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Toronto Raptors

Checking the temperature on hot-button topics following Toronto Raptors Game 1 loss to Boston Celtics

It wasn't pretty for the Toronto Raptors, as the Boston Celtics earned a wire-to-wire win in Game 1.

There are a number of concerns to address - the play of All-Star forward Pascal Siakam and first-round superstar Fred VanVleet, the Raptors' inability to score in the halfcourt once they were stopped in transition, Toronto's frontcourt being outplayed by Daniel Theis and Robert Williams. The list could go on from there.

Our NBA.com Staff is here to check the temperature on these hot-button issues, dictating how worried we are on each topic.

Pascal Siakam and Fred VanVleet's production

Siakam and VanVleet combined for 24 points on 8-for-32 (25.0%) shooting from the field and 2-for-14 (14.3%) from 3-point range in Game 1. While VanVleet was dynamite offensively in the first round, this Celtics defence is a lot better than that of the Brooklyn Nets. As for Siakam, he's struggled to find his touch from anywhere on the floor so far this playoffs.

Are you concerned about this? Yes or no.

- Kyle Irving (@KyleIrv_)

Gilbert McGregor (@GMcGregor21): No.

Ask me after another game like this and I might be but I'm going to look at the glass half-full here and assume that Game 1 was more of an offensive anomaly. Siakam got some good looks early on but couldn't convert due to a lack of balance or rhythm or something. His rhythm was further disrupted by early foul trouble and I think he'll be primed to shake those issues off.

As for VanVleet, he's been so good throughout the restart that I think that once he sees the ball go in a few times, he'll be fine.

Carlan Gay (@TheCarlanGay): No.

One bad game doesn't undo an entire season's worth of evidence that both VanVleet and Siakam will bounce back from that poor outing. The Cs aren't the Nets - yes, we know that, but the Raptors aren't the 76ers either. They have weapons on offence that will adjust to whatever Boston can do defensively. Also, the Celtics shot extremely well from the field for large parts of that game. Can they do that again?

Toronto's transition offence

Pointed out as one of the biggest factors in this series, the Raptors scored 18.8 fast break points per game to lead the NBA this regular season. They replicated that in the first round, averaging a playoff-best 18.5 fast break points per game. As the Celtics are athletic enough to keep up with Toronto in transition, it makes life more difficult for the defending champions on the offensive end of the floor.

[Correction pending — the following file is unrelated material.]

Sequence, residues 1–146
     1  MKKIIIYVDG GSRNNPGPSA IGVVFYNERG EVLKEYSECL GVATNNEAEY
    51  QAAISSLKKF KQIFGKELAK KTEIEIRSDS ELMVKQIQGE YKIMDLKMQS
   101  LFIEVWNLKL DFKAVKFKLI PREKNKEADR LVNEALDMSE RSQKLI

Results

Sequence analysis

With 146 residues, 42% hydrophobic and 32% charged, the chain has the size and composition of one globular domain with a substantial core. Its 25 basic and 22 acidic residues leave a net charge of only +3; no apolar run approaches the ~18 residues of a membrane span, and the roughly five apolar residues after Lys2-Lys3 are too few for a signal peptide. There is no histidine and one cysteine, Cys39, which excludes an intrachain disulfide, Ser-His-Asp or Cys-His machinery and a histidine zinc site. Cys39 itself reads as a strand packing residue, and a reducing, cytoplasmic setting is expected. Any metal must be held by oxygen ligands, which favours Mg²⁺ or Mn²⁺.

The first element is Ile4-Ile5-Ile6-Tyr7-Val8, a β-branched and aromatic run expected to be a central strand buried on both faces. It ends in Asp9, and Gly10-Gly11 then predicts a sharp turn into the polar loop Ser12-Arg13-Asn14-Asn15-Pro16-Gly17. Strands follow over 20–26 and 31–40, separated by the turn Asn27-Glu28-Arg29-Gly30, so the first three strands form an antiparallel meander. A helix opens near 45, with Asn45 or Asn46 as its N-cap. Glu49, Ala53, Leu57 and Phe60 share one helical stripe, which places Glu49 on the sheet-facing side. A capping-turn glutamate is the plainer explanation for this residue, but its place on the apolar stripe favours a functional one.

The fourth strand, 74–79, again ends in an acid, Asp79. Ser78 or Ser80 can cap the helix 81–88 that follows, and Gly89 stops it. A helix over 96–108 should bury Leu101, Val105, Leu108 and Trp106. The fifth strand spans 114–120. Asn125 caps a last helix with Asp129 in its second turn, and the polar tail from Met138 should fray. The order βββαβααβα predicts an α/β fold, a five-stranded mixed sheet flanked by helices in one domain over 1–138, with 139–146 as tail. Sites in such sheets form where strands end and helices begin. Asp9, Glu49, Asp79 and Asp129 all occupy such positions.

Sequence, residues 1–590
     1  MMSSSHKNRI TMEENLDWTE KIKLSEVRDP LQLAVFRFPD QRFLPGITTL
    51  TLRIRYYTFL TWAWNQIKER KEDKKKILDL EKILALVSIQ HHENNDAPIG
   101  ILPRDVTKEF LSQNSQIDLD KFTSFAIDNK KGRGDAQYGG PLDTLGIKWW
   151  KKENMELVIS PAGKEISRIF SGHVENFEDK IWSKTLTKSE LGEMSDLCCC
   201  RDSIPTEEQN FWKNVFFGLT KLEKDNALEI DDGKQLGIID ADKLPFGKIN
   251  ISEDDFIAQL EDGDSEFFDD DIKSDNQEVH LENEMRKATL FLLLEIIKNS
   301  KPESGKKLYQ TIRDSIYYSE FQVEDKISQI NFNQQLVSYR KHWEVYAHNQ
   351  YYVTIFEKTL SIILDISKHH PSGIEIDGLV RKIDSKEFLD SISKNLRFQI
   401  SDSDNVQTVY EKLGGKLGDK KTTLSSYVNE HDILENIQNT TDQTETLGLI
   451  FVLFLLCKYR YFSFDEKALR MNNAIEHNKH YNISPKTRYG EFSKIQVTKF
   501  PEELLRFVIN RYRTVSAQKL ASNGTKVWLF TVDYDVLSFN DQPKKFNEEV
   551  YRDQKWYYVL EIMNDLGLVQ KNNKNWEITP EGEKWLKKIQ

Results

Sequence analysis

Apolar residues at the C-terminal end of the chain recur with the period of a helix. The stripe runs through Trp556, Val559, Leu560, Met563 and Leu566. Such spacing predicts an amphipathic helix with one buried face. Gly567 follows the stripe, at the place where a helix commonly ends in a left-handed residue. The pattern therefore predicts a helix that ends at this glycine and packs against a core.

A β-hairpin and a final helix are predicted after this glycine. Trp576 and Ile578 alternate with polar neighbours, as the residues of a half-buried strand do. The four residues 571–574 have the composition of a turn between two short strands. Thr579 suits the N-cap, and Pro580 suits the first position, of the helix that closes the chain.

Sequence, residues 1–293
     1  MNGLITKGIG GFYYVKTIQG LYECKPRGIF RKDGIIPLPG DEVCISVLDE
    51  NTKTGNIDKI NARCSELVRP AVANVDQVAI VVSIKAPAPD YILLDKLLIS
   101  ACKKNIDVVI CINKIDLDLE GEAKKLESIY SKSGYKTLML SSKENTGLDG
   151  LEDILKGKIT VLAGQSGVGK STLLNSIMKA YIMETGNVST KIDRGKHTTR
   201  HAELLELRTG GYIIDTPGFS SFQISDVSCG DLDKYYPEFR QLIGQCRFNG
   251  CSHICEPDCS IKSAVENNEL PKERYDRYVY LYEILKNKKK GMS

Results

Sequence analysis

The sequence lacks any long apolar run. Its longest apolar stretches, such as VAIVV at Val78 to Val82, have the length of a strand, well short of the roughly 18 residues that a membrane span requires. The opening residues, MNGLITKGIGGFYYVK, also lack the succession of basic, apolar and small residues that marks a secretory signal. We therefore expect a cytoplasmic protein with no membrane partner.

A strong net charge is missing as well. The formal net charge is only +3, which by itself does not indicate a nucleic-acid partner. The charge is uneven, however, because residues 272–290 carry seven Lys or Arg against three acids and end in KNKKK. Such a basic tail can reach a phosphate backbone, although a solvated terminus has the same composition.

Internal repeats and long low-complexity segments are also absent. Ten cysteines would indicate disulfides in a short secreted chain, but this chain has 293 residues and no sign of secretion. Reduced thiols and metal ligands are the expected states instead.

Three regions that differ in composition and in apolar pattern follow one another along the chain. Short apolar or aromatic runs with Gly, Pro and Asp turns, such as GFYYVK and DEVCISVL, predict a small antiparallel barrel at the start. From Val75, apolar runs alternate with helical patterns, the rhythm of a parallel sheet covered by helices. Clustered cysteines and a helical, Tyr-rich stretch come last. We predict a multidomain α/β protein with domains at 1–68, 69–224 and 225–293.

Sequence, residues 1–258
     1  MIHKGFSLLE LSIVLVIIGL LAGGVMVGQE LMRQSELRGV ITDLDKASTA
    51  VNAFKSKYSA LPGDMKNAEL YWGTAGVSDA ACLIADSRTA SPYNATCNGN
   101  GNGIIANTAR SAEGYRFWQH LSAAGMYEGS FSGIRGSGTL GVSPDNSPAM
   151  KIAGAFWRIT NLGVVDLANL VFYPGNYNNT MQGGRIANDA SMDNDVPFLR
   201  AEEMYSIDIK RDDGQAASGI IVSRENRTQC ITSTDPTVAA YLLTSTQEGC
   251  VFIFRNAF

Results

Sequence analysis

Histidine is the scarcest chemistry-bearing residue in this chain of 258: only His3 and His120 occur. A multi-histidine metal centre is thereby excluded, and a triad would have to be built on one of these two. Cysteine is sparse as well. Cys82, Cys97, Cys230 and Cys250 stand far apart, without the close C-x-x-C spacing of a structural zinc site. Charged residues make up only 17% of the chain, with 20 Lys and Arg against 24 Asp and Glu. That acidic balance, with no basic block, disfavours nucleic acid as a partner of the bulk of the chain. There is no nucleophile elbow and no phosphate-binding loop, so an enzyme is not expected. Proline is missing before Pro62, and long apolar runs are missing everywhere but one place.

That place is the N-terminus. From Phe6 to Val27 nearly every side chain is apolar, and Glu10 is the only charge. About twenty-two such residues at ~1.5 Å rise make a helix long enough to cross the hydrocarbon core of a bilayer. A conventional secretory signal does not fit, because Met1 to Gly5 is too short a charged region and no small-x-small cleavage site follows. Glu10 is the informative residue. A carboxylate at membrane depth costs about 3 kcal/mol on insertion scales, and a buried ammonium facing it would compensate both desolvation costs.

They only scored seven fast break points in Game 1.

Are you concerned about this? Yes or no.

- Irving

McGregor: Yes.

Transition scoring was outlined as a key to the series in the preview and it was clear that the Celtics would be focused on that, as Brad Stevens admitted after the first quarter of Game 1 that "if we let them score in transition, it's going to be a long series for us."

Boston boasts one of the league's best transition defences. Couple its defensive supremacy in the open floor with a game plan to limit Toronto's transition scoring and you've got a recipe worth worrying over.

Gay: Nah.

Again, it's tough to be concerned about it when you see the team shot as poorly as they did. I don't expect the Raptors to get the transition looks they did against the Nets, but I do expect them to execute better in the halfcourt than they did in Game 1. That should offset the lack of transition opportunities.

Losing the frontcourt battle

The Celtics are seen to be at a frontcourt disadvantage compared to the Raptors veteran duo of Marc Gasol and Serge Ibaka. That certainly was not the case in Game 1, as Daniel Theis produced the best playoff game of his short NBA career with a double-double of 13 points and a career-high 15 rebounds to go with two blocks. Even 22-year-old centre Robert Williams brought more energy than Gasol and Ibaka, scoring 10 points on a perfect 5-for-5 from the field with five boards and two blocks.

Are you concerned about this? Yes or no.

- Irving

McGregor: No.

As you said, it was arguably the best playoff game of Theis' career and Williams certainly outplayed expectations. I don't think it's unreasonable to say that Gasol and Ibaka fell very short of what's typically expected of them, too.

If Gasol and Ibaka improve as I expect them to and Theis and Williams come back down to earth a bit, I sense a much more even matchup.

Gay: Heck no.

It's on Robert Williams and Daniel Theis (who I love by the way) to prove that over a seven-game series that they can replicate what they did in Game 1, not the other way around. Gasol and Ibaka are champions, Williams and Theis haven't put in the work for us to give them the benefit of the doubt yet.

The views on this page do not necessarily represent the views of the NBA or its clubs.

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